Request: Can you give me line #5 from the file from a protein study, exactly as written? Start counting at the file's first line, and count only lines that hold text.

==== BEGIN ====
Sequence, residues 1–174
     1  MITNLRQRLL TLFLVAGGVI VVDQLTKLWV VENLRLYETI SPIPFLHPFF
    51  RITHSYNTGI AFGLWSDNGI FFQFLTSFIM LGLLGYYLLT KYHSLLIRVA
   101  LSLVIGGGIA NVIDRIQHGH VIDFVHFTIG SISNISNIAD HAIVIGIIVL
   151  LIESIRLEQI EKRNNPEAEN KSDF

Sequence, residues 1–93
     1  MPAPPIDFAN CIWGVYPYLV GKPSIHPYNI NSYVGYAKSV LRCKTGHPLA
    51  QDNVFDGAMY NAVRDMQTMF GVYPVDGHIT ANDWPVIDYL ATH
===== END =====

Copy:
   151  LIESIRLEQI EKRNNPEAEN KSDF